XDL RESULTS. XDL Championship Series. WWW.XDLSHOW.COM

After a rain-soaked Round 3 in Nashville, the LA round offered plenty of sunshine all around. Under clear skies, with a solid crowd in attendance and a buzzing vendor area in the background, Yamaha’s Bill Dixon managed to close the door on the 2010 FMF Cup championship hunt by finishing second to 2008 champion Nick Brocha. Brocha did what he had to do, which was win, but Dixon’s point total was high enough to secure the title by one marker, even if Brocha were to win Indy as well. This crucial point came from the bonus point earned by Dixon’s number one qualifying spot, proving how important it has become to qualify well in FMF Cup.

K&N Filters stepped up their contingency program for the LA round quite significantly, which generated a whole new level of enthusiasm amongst the athletes. The K&N Circle Challenge was won by veteran Lin Eshalom, but the stand-out performer was Tony Carbajal, who in only his third XDL appearance managed to beat Ernie Vigil, Nick Brocha and Bill Dixon on his way to second place and some K&N bonus money.

Scorpion rider Eric Pettit may have sealed the Aprilia All Star Challenge championship by earning his third win of the season and finally winning in the dry. And he did it in an amazing 22.69 seconds, the fastest time of the year. Dan Jackson still has a mathematical chance of taking the title, but things are sure looking good for Pettit.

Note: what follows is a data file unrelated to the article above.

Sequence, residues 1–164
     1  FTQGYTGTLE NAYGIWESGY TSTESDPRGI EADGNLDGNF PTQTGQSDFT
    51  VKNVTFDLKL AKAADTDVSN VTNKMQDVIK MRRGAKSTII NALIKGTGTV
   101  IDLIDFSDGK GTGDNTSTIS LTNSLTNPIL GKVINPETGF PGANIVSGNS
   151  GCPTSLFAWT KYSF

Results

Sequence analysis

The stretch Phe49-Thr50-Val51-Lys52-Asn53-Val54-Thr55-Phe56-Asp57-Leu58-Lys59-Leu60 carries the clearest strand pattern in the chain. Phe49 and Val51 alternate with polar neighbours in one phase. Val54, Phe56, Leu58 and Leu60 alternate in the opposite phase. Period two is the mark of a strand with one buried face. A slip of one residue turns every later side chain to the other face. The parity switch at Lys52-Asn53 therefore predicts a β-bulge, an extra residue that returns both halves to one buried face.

The Sartso Women’s Cup saw the largest field of the year with no less than 4 riders competing. Brandy Valdez from Texas took the win over Daytona winner Dena Sodano from Pennsylvania.

XDL LA closed out as it always does with the Speed & Strength Sickest Trick competition, which delivered an amazing final trick, as well as a fair amount of controversy. Factory Aprilia-HJC rider Joe Dryden had gone without a win or place in any competition and was looking at a long drive back to Florida with no money to show for his efforts. In a bid to try to pull a rabbit out of a hat, Dryden decided to go for a “hail mary” by attempting a high-speed, no handed wheelie scrape. While this may not sound that difficult, one needs to remember that his Aprilia doesn’t run a traditional 12-bar, so he doesn’t benefit from the additional six to eight inches of length in the bike. For Dryden to scrape the tail of his bike he’d have to lean the bike back past the balance point, essentially riding “upside down.” With a failure rate of over 90%, prospects of Joe crashing on to his head at 35-40mph were fairly high. Speed & Strength Sickest Trick rules state that a rider has two attempts to complete his trick. Dryden’s first run wasn’t event close. On his second run the trick started to develop. This should have been the end but the judges and crowd felt that there was enough progress to see this one through, or see Joe crash. On his fourth run Dryden pulled off this never before attempted trick and took the win. Other riders immediately protested the rules infraction but the win was upheld on the grounds that even if other riders had been given additional attempts and completed their tricks, Dryden’s feat was simply the most stunning trick of the day. It was a fitting end to a day full of spectacular riding and showmanship.

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